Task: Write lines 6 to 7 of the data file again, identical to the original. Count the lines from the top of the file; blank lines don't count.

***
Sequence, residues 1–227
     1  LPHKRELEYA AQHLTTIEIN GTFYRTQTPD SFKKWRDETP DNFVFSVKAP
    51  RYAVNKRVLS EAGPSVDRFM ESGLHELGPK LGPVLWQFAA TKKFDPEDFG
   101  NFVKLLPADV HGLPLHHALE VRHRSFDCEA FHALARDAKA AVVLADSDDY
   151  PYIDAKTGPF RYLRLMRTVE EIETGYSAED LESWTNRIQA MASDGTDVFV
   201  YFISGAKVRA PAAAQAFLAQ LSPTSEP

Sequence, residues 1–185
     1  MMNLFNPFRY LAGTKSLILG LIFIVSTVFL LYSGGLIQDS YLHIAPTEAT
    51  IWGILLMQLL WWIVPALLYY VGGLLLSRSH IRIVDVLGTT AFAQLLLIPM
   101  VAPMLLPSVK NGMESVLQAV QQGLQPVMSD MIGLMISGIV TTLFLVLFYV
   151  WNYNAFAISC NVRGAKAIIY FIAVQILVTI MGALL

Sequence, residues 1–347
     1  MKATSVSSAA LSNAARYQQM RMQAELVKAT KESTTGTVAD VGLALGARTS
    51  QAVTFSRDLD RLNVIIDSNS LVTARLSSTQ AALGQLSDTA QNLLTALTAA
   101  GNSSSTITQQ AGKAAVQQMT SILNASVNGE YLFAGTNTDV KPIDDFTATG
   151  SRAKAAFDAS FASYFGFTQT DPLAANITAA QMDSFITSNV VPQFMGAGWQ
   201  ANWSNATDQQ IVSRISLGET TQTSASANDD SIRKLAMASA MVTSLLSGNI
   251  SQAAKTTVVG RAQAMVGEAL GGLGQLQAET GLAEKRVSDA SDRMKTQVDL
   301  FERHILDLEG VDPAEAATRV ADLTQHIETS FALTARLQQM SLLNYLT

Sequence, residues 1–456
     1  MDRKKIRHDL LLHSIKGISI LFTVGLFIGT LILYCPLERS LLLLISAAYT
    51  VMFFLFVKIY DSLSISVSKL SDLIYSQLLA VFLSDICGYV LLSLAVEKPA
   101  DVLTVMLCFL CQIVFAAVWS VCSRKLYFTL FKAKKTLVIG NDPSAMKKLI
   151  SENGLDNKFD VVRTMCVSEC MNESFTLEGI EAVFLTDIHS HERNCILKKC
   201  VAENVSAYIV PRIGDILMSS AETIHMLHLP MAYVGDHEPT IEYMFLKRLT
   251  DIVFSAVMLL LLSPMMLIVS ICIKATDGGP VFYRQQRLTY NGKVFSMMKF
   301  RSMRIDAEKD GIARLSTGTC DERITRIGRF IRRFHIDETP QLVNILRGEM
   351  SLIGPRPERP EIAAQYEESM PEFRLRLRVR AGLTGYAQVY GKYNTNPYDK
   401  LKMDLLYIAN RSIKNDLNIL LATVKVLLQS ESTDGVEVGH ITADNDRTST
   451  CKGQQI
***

   201  YFISGAKVRA PAAAQAFLAQ LSPTSEP

Sequence, residues 1–185